Over the next four years, Bradford selected only the sturdiest plants in that patch for new seeds. He called the distinct variety white burley and gave some of the seeds to a neighbor, George W. Barkley. While Bradford was serving as president of the Kentucky State Agricultural Society from 1862 until 1863, he noted that Kentucky had become the largest tobacco-producing state in the nation.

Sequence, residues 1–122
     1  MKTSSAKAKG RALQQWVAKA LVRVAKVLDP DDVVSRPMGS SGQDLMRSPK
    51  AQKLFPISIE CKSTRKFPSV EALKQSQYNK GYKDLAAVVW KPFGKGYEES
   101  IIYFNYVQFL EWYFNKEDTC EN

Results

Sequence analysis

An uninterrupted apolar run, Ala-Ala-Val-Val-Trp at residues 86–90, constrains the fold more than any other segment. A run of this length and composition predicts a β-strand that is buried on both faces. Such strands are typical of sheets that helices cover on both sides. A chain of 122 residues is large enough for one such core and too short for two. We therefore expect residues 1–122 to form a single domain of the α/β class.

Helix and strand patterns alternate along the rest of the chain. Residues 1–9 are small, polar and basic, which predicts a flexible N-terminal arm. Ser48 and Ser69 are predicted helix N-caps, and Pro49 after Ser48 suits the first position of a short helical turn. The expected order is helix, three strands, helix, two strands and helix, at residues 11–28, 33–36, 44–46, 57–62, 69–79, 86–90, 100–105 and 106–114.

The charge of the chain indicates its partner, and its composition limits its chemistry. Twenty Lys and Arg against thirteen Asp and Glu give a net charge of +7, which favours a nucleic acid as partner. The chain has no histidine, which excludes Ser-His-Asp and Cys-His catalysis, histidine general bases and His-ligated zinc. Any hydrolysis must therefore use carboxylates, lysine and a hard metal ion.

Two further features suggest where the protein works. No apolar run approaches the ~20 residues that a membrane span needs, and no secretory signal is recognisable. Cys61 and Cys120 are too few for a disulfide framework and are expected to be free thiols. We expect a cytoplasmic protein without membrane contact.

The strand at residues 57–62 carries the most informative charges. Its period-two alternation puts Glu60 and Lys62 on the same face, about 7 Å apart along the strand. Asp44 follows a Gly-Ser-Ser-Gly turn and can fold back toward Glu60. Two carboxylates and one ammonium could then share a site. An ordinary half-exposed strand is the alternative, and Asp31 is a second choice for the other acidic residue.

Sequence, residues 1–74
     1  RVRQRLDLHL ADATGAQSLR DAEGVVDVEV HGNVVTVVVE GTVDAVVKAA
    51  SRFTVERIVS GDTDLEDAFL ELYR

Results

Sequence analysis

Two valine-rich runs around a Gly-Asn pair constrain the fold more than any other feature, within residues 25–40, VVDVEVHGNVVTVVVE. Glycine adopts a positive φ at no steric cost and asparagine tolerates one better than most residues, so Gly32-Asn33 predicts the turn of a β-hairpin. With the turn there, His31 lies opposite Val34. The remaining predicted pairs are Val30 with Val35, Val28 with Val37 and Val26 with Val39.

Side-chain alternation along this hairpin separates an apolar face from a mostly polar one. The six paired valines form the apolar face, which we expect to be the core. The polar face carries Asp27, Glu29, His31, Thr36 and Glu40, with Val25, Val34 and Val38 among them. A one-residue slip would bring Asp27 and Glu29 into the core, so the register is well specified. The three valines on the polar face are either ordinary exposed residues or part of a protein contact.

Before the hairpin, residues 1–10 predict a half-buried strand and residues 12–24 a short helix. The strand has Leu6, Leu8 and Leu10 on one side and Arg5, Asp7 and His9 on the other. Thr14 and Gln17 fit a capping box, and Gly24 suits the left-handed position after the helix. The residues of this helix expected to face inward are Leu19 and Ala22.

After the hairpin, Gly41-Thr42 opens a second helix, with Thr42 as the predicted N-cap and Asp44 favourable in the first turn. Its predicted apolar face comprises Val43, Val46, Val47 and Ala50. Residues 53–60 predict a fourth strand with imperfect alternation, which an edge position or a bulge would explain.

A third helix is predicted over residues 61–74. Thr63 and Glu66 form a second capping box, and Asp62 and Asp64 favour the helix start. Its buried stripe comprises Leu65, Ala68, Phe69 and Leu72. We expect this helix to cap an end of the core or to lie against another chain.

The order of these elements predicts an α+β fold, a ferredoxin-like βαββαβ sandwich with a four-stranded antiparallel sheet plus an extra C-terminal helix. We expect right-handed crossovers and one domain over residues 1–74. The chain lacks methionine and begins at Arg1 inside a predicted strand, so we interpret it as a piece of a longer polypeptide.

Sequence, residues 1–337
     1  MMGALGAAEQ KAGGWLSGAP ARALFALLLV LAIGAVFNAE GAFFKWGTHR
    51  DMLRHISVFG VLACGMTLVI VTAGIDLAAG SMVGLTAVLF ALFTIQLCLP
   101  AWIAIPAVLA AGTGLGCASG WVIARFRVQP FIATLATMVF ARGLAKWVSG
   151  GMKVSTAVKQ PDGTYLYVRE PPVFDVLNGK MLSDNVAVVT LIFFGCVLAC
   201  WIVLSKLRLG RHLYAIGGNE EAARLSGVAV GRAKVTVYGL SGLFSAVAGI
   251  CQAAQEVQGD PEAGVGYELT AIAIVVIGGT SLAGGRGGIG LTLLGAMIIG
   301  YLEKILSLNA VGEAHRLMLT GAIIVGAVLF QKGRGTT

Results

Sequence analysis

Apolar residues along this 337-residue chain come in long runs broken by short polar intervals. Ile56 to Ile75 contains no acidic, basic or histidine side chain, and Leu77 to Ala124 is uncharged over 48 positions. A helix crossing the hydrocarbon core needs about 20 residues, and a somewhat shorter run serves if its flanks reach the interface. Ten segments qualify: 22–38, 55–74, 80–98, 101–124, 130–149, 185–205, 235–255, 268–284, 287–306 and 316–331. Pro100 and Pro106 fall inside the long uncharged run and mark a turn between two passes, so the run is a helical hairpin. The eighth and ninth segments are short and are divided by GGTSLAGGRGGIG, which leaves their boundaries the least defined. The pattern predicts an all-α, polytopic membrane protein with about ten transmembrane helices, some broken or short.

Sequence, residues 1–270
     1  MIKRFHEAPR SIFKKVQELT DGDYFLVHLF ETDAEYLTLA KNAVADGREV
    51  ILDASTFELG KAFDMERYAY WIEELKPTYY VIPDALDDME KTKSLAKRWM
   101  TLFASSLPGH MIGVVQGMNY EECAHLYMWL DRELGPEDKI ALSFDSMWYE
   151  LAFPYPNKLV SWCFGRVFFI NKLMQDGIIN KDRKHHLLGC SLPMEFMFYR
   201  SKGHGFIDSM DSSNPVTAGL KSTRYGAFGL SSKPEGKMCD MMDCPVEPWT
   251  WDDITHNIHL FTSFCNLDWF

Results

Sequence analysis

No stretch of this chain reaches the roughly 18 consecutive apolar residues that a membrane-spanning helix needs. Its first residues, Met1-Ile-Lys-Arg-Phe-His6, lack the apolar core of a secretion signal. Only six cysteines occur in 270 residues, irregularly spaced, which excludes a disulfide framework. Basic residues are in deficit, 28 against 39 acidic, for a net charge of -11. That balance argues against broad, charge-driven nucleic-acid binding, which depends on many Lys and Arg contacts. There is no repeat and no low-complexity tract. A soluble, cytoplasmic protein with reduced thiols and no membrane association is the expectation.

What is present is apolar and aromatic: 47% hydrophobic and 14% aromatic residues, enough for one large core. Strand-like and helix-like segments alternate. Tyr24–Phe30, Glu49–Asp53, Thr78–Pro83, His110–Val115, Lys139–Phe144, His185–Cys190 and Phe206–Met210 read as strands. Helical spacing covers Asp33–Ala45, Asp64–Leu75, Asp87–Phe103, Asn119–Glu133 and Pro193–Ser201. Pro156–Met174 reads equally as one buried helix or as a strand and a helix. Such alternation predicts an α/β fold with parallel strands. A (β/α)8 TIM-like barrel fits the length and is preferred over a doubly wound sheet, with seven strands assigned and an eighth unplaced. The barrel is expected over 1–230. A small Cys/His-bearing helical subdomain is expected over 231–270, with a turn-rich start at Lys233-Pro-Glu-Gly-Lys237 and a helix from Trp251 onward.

In spring 1864, Joseph Fore and George Webb came across the Ohio river from Brown Co., Ohio, to Augusta, Ky., to obtain tobacco seeds. Barkley gave the men some white burley seeds, which they planted on land rented from Capt. Fred Kautz. Months later, Fore and Webb noticed that their new tobacco plants had a dirty yellow hue and light texture. This normally was a sign that plants were diseased, and so they burned that crop. The next year, however, when Webb saw the tobacco growing from the Kentucky white burley seeds he had brought back from Kentucky, he recognized that instead of being caused by a disease, the color and texture represented a definite new variety of tobacco. Webb also found that the new crop developed neither mold nor rot as red burley tobacco plants did. Better yet, he could cut down the entire plant, rather than picking each leaf as it ripened. Webb produced a crop of 20,000 pounds that commanded top dollar at the Cincinnati tobacco market in 1866. The following year, he went to the St. Louis Fair and won first prize and second prize in tobacco-crop competitions. When Webb tried to patent what he believed was a new tobacco strain, he failed because Bracken Co. White burley had already become common in the Ohio and Kentucky region. This adaptable tobacco leaf revolutionized the industry, and for a brief time, Augusta became a clearing port for Central Kentucky’s production of white burley tobacco and the biggest market in the district. Steamboats lined the levee at Augusta for a mile and a half and Cincinnati soon replaced Louisville as the region’s foremost distributor for Central Kentucky’s tobacco crops.